Four tiers of schools were identified, then marketing mapped information from its CRM onto all high school engagements and measured the impact of those engagements relating back to gains in Curtin’s market share. Additional filters were put into the mix around student performance, and trend analysis and geo-mapping were used to create a visual display showing the territory that Curtin had gained in recent years over our competitors. The analysis used data from its Business Intelligence system, future students CRM system, and Studentbox online feedback portal, Hayes says.

    “Strategically, the above analysis meant we could finally evaluate the return on investment from our high school engagements and operationally start making decisions about which schools to target, with which activities and to what intensity.”

    The geo-mapping exercise of high ATAR schools has also been used in Curtin’s outdoor advertising strategy to serve relevant messages on Ad shells and transit near schools, he says.

    Hayes says the application of data analytics has resulted in a renewed focus among the team, deeper relationships with schools by implementing an account management approach in parallel and new CRM processes to record interactions.

    “It required us to develop and use new skills in data analytics and it required a change in roles to include a business development/account management capability,” he continues. “It has increased our ability to engage strategically with our top tier schools, to offer their students more personalised services and to better manage the workload of the team.”

    By being more focused, marketing should save up to 20 per cent of related outreach costs in 2016, while still achieving set objectives and steadily growing market share from 37 per cent only a few years ago to 45 per cent of all first preferences.

    The work resulted in marketing establishing a department charged with marketing analytics and platforms. It’s also developed a marketing dashboard and reporting schedule using data points from across a range of systems and inputs and is transitioning from campaign reporting to holistic period reporting.

    The next step is a marketing automation project and ambition to use data analytics and digital body language of prospects, combined with persona understanding to build customised journeys and increase conversion, Hayes says.

    Customer-led approach

    Curtin’s list of activities to be more customer-led is equally substantial. A key initiative launched in the past year was a high-level segmentation study, which resulted in nine personas for future students that are now being used to craft its content strategy and optimise the customer journey.

    In addition, marketing recruits up to 25 Curtin students to be ambassadors each year, sharing their experiences with future students at events and online. Future students are also being connected to current students via CRM to enable better conversion tracking and a more seamless customer journey

    “Knowing the power of peer influence among our target demographics, this is a very powerful strategy for Curtin and delivers an amazing return on investment,” Hayes says.

    On top of this, marketing played a lead role in launching Curtin’s new website in late July, which was re-engineered to be more customer focused, responsive and intuitive, and it included an extensive information architecture and customer research component, Hayes says.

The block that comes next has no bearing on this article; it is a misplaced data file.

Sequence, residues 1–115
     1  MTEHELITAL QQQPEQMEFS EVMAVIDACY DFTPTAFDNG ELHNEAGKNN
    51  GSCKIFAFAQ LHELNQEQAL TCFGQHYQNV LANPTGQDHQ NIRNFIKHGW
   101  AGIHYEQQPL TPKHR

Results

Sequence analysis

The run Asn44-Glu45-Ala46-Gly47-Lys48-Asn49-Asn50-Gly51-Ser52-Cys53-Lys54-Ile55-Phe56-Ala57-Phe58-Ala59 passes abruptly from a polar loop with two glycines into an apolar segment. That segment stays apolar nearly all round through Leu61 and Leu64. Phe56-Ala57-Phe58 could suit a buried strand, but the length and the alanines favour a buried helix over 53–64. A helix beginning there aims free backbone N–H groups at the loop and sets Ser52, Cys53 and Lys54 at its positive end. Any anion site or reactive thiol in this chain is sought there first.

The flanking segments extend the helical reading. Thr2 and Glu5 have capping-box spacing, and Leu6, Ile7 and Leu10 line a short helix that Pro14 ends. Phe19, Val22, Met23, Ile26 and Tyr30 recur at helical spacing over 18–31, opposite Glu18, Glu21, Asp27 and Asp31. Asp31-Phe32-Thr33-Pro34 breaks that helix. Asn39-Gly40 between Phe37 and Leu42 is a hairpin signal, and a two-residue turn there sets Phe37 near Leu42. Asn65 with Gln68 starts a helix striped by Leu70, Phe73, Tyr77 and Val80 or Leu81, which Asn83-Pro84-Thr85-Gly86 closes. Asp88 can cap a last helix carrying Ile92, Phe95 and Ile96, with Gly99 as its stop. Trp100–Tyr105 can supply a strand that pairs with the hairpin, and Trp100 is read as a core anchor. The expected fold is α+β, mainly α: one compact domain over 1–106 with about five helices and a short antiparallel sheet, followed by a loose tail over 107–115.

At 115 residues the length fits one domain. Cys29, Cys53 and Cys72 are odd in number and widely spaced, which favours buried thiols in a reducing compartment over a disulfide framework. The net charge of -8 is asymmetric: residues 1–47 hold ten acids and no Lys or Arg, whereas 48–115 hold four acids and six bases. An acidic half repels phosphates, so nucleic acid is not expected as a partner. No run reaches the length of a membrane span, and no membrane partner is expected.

Fostering team capability and agility

    A key role for the CMO is fostering the capabilities and agility of marketing to be more responsive to customer needs and expectations. Hayes is embracing a host of methodologies, practices and processes to make this come to life.

    As well as the staff skilling and training opportunities listed earlier, he’s established ‘look ever forward days’, a one-day activity every 4-6 weeks that focuses on the key strategic issues or projects with marketing team members. Topics have included content marketing, automation and customer personas and agencies and guest speakers have contributed to these workshop-focused engagements.

    More regularly, marketing has embraced agile sprinting within teams for key projects, building new agility skillsets, and training was providing in agile and scrum for key staff. All marketing staff use Liquid Planner as a project management tools, and minimum viable product is a core focus for all.

    An example Hayes points to is where marketing recently helped launch a new

    course in predictive analytics within six weeks, something that usually takes 18 months to get through various committees and into the market.

    “Our team rapidly conducted market research into the new offering, fed that back to the course design team, and then quickly briefed the agency on the campaign,” he says. “The digital advertising and landing page including an Expression of Interest form was built and launched within two weeks. In the meantime, the conversion strategy was developed and implemented.

    “It was a perfect case of ready, fire, aim.” Over 60 EOIs and nine applications for semester two intake were received.


    Creativity is definitely linked to innovation in Hayes’book, and he says his team’s efforts to break new ground are a reflection of its creative approach.

    To help, he’s introduced a 70/20/10 model for the marketing plan, with 10 per cent dedicated to breakthrough ideas. Three creative council meetings are held weekly, encouraging feedback and debate across the team to get the right creative result, and by encouraging failure, Curtin is enabling risk-taking and pushing creativity further, he said.

    “Our mantra is to inspire people to choose Curtin (first) by positioning the university as a leader in research and education,”Hayes concludes. “It takes compelling and interesting creative ideas based on deep customer insight in order to do this. Yes measuring what we do matters, but I never underestimate the power of creativity.”